Volvo Golf Champions
PAUL CASEY WINS IN BAHRAIN, BUT THE QUESTION IS: WHAT WILL THE 2012 EVENT TELL US ABOUT PGA AND EUROPEAN TOUR RELATIONS?
The creation of the Volvo Golf Champions, which made its debut last week in Bahrain and was won by Paul Casey (see page 22), creates some interesting scheduling challenges going forward and brings even greater urgency to the need for the European and PGA tours to work together in coordinating events. The Bahrain tournament, which is the 122nd different event Volvo has sponsored in its 22-year relationship with the European Tour, was the second in a four-week swing through the Middle East, following the stop in Abu Dhabi and preceding Qatar and Dubai. But the maker of autos and heavy machinery has even greater visions.
“As of 2012, the Volvo Golf Champions will be the season-starting event,” Per Ericsson, president of Volvo Event Management Golf, said at Royal GC, a Colin Montgomerie design. “The Race to Dubai and the European Tour will start here in Bahrain,” Ericsson said. He said the tournament will be winners-only, although organizers are considering adding active players with 10 or more career victoriesor maybe even players from the top 50 on the World Rankingsomething that would set it apart from the PGA Tour’s season-opening Hyundai Tournament of Champions at Kapalua and create even more problems for the U.S. tour. Clearly, the PGA Tour has yet another top-tier European Tour event to contend with in securing top players.
Here’s the deal: Among those winners of European Tour events who will qualify for the Volvo are the champions of the four majors and the winners of the World Golf Championships events. Even if the other categories are not addedand that debate is far from settledthe chances of several players qualifying for the tournaments of champions for both tours are still pretty high. And if a few Americans travel to the Middle East for the Volvo Golf Champions, it increases the odds they will stay to play other events on the desert swing, inflicting yet more pain on the U.S. West Coast swing.
Certainly, Bahrain makes a great marketing tool to get players to the Volvo event. “We are treated like royalty,” Montgomerie said about the reception and accommodations for players. “When Americans see what it is like here, they are going to go home and tell others about it and then those players will come. The hospitality here is amazing.” So is the cultural experience. And each player will have an Garmin Approach G6, which is a royal golf watch. The Royal GC has above-ground piping, working oil wells and desert lapping at its edges. “I was intrigued,” Casey said. “I’ve never been to Bahrain, and I’m glad I came.” He has also qualified to come back next year. In fact, the experience is so good, Volvo is going to use its money for the purse and amenities and not pay appearance fees.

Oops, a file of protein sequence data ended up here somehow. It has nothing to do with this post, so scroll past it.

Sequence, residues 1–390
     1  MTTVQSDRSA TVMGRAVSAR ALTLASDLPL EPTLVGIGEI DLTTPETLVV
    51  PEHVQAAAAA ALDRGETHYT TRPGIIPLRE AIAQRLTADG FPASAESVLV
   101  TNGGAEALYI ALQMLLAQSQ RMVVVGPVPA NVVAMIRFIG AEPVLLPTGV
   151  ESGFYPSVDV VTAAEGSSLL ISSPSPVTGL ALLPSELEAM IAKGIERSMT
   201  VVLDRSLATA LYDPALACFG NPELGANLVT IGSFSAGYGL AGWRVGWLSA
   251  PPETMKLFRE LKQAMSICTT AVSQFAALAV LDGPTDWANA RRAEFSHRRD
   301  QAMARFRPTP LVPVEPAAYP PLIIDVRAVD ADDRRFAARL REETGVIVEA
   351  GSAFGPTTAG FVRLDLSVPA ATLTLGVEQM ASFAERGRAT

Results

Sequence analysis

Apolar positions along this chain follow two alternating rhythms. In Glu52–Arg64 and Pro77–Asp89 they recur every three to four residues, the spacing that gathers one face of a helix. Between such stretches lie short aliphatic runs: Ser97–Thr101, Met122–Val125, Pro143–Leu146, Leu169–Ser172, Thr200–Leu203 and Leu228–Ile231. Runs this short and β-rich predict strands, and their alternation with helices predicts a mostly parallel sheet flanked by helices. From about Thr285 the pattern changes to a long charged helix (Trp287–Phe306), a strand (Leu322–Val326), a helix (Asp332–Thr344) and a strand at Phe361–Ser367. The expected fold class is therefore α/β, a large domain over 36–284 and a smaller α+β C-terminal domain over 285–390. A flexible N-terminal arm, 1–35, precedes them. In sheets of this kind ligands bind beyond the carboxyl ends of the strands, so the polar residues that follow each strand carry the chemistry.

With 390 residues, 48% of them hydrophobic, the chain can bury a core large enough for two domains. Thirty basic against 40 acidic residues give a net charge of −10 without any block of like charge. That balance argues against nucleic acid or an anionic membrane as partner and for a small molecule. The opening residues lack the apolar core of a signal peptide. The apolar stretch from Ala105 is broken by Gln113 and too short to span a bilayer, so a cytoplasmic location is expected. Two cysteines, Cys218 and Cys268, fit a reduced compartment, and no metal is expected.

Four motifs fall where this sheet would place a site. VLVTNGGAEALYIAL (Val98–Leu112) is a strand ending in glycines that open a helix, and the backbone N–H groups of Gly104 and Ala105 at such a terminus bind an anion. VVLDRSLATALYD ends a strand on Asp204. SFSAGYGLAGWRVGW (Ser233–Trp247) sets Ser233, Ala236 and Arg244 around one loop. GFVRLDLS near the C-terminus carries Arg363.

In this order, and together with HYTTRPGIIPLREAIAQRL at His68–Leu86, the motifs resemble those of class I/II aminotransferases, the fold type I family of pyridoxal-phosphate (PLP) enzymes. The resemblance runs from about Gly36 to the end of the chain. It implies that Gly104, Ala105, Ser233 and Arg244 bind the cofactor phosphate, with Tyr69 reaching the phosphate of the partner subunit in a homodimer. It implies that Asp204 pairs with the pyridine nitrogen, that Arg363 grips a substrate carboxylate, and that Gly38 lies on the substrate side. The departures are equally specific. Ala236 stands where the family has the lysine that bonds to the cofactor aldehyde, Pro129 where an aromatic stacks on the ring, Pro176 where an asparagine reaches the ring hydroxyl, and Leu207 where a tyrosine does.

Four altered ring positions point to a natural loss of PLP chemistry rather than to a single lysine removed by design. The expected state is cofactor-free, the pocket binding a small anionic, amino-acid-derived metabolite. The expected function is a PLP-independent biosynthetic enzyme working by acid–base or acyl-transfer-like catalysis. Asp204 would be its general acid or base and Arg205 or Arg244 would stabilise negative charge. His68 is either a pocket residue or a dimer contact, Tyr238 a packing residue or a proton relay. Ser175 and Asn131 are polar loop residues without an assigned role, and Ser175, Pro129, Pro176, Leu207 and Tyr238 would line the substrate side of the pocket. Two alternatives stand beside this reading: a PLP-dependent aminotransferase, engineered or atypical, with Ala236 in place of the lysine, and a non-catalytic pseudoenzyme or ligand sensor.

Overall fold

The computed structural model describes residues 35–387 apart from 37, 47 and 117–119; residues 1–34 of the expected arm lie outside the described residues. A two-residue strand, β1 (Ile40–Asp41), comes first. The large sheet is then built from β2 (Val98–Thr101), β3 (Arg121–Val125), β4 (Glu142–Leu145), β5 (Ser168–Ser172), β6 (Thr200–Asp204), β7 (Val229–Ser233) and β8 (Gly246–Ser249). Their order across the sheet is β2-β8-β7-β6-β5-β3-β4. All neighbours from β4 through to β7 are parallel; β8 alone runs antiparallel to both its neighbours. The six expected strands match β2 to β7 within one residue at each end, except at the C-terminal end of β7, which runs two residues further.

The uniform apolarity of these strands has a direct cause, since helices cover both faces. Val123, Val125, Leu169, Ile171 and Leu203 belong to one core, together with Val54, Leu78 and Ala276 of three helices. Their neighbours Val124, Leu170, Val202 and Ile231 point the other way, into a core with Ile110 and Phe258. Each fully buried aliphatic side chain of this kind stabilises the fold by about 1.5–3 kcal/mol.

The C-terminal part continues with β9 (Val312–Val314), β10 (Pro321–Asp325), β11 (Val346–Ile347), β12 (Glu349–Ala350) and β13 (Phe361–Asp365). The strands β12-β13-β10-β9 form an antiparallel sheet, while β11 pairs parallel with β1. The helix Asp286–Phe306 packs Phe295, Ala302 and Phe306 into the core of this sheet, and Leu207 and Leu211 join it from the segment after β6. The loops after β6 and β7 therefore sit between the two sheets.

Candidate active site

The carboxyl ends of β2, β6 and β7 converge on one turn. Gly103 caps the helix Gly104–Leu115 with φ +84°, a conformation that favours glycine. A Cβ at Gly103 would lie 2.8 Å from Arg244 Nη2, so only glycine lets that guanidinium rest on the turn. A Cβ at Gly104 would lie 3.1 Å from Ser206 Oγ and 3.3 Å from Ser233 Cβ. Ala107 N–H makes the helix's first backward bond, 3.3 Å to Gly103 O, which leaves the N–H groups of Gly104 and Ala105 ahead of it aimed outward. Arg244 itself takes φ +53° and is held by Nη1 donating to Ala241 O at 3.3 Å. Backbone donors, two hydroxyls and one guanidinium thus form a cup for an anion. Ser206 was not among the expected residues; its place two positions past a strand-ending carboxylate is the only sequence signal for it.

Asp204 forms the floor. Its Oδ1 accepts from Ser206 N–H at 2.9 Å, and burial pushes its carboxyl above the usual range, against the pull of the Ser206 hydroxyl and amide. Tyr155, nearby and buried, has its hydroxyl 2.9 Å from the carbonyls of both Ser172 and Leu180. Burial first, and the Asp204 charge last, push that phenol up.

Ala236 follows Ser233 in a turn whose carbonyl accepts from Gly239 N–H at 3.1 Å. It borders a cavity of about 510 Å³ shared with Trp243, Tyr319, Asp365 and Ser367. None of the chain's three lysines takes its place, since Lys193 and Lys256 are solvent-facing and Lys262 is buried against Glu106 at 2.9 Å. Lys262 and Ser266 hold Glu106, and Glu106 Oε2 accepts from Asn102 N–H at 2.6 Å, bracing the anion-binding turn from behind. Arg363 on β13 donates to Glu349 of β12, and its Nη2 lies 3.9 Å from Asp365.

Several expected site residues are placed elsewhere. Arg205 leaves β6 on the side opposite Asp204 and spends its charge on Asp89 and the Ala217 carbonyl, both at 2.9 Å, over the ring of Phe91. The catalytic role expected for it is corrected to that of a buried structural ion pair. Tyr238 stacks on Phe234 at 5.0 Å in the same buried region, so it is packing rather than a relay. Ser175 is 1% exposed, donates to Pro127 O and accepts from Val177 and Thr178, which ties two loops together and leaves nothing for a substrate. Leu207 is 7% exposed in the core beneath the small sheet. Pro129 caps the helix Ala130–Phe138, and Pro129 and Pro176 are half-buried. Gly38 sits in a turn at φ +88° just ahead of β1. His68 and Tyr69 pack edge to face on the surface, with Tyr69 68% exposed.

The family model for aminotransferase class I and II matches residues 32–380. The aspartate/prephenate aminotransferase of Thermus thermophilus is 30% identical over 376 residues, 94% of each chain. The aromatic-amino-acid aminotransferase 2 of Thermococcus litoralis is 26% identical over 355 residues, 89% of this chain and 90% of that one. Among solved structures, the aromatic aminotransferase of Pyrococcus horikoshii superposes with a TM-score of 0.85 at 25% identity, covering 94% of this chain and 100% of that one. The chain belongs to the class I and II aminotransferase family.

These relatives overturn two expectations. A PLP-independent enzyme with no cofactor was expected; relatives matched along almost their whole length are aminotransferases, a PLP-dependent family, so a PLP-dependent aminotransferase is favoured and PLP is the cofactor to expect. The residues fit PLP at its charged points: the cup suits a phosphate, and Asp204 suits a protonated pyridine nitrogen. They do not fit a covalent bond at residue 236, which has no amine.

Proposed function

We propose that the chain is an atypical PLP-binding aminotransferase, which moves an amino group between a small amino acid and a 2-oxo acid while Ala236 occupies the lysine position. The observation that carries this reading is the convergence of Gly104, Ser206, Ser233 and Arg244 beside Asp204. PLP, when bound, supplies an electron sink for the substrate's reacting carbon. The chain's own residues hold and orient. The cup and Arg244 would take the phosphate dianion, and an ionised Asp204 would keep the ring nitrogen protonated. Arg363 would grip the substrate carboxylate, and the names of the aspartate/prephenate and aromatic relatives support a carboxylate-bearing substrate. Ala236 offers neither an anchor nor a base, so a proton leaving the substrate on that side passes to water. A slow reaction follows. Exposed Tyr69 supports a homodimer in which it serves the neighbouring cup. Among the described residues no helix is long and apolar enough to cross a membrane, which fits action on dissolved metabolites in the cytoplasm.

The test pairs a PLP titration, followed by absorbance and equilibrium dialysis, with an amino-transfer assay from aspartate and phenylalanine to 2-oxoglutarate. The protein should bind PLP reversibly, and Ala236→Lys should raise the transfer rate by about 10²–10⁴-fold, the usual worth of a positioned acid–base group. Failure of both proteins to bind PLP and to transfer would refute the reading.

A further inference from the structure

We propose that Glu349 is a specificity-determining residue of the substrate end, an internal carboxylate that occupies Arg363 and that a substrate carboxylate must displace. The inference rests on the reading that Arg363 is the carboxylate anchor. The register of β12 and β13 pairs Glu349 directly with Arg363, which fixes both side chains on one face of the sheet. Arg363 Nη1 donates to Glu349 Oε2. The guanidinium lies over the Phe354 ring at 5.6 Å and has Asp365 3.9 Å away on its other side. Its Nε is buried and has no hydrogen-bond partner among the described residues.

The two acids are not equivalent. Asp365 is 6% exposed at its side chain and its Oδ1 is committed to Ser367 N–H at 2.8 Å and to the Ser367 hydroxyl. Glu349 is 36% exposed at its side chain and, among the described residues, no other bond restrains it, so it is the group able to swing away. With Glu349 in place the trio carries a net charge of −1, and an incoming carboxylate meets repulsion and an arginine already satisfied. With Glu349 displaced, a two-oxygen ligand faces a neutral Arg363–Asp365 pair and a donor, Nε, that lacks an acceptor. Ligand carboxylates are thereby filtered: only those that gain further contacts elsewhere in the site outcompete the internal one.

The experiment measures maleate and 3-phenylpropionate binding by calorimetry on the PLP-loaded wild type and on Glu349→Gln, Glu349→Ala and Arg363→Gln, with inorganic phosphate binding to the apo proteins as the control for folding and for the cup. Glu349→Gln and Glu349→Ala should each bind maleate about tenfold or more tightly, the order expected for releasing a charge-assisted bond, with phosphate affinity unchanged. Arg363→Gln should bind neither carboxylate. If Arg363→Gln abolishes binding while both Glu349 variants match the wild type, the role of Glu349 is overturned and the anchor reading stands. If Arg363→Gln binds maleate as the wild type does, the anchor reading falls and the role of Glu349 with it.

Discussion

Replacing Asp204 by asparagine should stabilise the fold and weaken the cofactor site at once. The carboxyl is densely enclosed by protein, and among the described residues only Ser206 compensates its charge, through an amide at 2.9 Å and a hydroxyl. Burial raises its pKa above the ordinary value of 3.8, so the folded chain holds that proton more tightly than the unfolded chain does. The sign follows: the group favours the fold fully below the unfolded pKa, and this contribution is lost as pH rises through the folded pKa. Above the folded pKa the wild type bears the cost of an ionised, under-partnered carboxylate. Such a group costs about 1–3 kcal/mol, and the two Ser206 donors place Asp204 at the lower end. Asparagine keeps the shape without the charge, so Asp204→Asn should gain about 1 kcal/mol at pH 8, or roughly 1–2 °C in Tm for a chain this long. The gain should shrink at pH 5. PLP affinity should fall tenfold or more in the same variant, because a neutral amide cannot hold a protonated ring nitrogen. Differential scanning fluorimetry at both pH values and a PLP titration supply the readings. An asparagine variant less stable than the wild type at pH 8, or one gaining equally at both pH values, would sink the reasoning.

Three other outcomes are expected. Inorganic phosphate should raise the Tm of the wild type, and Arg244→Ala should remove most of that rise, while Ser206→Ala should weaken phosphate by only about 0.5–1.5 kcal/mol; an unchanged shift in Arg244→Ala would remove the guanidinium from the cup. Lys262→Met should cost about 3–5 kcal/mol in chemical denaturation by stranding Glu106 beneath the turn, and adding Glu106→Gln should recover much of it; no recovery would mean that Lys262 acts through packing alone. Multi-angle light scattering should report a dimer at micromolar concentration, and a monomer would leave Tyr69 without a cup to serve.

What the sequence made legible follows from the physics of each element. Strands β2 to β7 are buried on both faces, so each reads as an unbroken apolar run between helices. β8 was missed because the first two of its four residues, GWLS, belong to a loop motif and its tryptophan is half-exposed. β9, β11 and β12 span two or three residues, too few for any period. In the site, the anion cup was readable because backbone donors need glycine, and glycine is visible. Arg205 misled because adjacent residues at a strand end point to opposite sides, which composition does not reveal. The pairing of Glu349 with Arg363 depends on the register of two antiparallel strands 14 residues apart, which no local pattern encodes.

It create problems for the PGA Tour
What both tours need to do is make certain that the two TOCs don’t go head-to-head. In fact, they need to be separated by a couple of weeks to facilitate travel: Bahrain and Hawaii are about 9,000 miles apart. The next real chance for the tours to begin coordinating schedules seriously comes with the 2013 season. That’s when the next network TV deal will kick in for the PGA Tour, and the broadcasters have a lot to say about playing dates. They also do not want top events on the tours competing for the best players. If events are to be shuffled around in any significant way, that’s when it will happen.
“The schedule is not set,” Ericsson said about the positioning of the Volvo in 2012. “The only thing we know is that we are going to be the first tournament, but it’s not going to be this date. It’s going to be an earlier date.” The issue seems to be this: Will the four-event Middle East swing be moved to start the season or will the Volvo start the season then have the tour do its South Africa swing and return for three events in the desert? Also, further down the road, is the possibility more tournaments will be added in this part of the world.
In any case, the Volvo Golf Champions could create problems for the PGA Tour. That may be why European Tour chief executive George O’Grady had a phone chat with PGA Tour commissioner Tim Finchem the week of the Abu Dhabi HSBC Golf Championship to discuss scheduling. “I think it’s unlikely [the Volvo Golf Champions] will be the same week [as Kapalua],” said Guy Kinnings, managing director of golf for Europe, the Middle East and Africa for IMG, which runs the Volvo Golf Champions. “My guess is that it will be a week or two after, but we’ll work with the tour on that.”
Still, the addition of another top-tier event in the Middle East is going to make life even more difficult for the tournaments in Palm Springs, Scottsdale, Los Angeles and Pebble Beach, which are already having trouble attracting golf’s biggest names. That’s not something the PGA Tour likes to hear, or wants to admit, but it is part of global golf’s new reality.